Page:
The original model was the 14″ Better Spreader.  It suspends a 5 gallon can of bonding adhesives directly over a 14″ roller, for a quick, clean bonding adhesive dispenser that eliminates the mess of hand rolling and spray rigs while saving you time and money.

The Better Spreader

The next model is the Doublewide Better Spreader.  This is a 27″ double version of the original Better Spreader that doubles the speed and applies your adhesive in one, continuous motion resulting in a streamlined distribution three times the width of 9″ rollers.

Doublewide Better Spreader

The third model is The Super Spreader.  This behemoth accurately applies more than 300 sq. ft. per minute! Its 40″ polyethylene tank allows fast application and easy clean-up. Forty-inch disposable rollers make accurate coverage simple and FAST in three easy steps:
Fill • Apply • Drain

Super Spreader

The newest model is the Super-Mini Spreader.  This is the 14″ version of the Super Spreader – perfect for the smaller, detail jobs.  The Super-Mini, with 14-inch disposable rollers, has the same easy clean-up polyethylene tank, but in the smaller size. No need to put holes in cans. Pour just what you need into the 5-gallon tank.

Super-Mini Spreader

Replacement rollers are available for every model.  For easy shipping, they come 9 per carton.

Kettle Temperature Control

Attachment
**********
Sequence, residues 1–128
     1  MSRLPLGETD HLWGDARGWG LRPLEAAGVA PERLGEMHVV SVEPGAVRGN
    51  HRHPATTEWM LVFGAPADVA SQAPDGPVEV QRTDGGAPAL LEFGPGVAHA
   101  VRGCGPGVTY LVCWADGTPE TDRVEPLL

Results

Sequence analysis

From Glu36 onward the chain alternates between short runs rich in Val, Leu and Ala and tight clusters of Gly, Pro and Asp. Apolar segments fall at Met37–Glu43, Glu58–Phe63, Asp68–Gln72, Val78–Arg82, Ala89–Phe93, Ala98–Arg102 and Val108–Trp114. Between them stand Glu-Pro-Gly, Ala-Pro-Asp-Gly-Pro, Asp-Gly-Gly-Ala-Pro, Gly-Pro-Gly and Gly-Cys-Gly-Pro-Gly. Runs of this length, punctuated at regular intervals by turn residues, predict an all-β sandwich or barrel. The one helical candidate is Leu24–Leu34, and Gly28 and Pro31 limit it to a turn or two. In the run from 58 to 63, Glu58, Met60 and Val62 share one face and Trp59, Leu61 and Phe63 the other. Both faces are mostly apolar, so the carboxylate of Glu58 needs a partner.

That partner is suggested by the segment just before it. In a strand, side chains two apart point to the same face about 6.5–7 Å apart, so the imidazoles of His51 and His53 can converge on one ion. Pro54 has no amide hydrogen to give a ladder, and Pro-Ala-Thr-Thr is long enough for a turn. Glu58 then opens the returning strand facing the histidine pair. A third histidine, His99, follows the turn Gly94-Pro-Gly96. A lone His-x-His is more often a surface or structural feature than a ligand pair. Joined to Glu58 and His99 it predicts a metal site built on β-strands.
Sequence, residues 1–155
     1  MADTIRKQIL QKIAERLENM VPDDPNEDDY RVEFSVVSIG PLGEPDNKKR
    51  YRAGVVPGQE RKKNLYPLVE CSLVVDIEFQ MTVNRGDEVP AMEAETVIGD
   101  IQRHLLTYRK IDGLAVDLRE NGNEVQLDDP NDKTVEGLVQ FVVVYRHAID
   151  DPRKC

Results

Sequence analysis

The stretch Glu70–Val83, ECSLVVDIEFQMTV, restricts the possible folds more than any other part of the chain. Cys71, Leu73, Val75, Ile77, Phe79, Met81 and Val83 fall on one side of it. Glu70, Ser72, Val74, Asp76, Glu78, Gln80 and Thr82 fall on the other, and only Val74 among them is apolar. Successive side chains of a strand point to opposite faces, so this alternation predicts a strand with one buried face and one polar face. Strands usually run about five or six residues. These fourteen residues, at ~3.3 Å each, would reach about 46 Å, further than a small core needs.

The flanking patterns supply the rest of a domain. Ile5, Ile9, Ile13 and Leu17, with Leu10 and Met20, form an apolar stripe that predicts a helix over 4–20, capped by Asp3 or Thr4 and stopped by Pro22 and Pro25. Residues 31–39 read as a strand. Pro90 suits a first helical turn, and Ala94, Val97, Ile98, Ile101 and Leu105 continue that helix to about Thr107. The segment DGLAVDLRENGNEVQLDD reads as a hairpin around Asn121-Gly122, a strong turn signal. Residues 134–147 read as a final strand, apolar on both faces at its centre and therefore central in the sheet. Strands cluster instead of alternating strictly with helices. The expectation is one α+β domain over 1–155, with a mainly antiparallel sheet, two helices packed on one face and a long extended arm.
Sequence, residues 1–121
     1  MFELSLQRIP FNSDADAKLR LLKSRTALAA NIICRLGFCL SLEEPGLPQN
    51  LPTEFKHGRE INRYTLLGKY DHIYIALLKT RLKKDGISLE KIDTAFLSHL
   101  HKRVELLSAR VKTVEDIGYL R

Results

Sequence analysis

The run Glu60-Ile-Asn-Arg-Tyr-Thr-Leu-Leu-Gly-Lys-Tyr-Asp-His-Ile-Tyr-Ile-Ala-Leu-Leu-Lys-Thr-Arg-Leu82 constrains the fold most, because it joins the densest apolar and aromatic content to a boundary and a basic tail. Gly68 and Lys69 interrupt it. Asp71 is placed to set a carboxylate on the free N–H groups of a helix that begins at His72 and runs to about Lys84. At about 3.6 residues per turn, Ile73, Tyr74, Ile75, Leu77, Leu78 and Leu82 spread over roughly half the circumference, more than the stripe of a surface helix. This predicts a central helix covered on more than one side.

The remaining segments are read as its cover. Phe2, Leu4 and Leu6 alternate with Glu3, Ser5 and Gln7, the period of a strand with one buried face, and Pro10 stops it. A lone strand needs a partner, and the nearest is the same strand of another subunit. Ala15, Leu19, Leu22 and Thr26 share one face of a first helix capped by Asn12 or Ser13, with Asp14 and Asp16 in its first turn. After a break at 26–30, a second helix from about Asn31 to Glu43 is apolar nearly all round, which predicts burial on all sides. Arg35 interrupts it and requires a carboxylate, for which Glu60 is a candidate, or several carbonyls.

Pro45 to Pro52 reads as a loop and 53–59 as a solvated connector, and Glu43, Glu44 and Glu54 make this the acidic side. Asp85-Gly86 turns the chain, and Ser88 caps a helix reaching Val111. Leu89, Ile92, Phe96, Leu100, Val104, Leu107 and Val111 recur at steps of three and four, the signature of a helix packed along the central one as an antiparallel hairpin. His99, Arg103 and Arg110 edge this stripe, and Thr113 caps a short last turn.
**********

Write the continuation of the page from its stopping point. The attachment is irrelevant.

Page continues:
April 6, 2012

Cleasby B-61 Auto Control

Ever wonder why there have been so many different kettle temperature controls available?
As I was told, many years ago, the first temperature control was by Cleasby Manufacturing in San Francisco. It seems their next door neighbor was I.T.T. General Controls. In a conversation with a salesperson, the subject came up of overheating asphalt. It was suggested to use the thermopilot B61 valve control, normally used on a water heater. This required a pilot flame that “proved” the thermopilot to open and close the main gas valve.
In about 1955, Roofmaster came up with a 12 volt, battery operated control system. This had a solenoid valve that would operate for either liquid or

Roofmaster 12 Volt Auto Control

vapor LP fuel. By being able to work on liquid, it could work in colder temperatures and not freeze the LP tanks. A nice by product was that we used a “starter-generator” on the pump engine, so you didn’t have to hand start the engine on a cold morning.
A third type of control is the Hi-Low control. This uses a temperature sensor that expands with heat and will slowly open and close the gas valve, regulating temperature. A plus of this type of control is that it can be used on any kettle. We currently install them on smaller kettles that are used by shower pan contractors in addition to the

Hi-Low Auto Control

patented Roofmaster cold process material heating WarmMaster.
With fewer and fewer large kettles being sold, we see a lot of the Hi-Low controls being used. The shower pan people usually light their kettle in the street while they are laying up the pan. By the time they are ready to mop, the asphalt is hot, without having to worry about overheating.
As in other industries, there is always a story of evolution that can be told.


%d bloggers like this: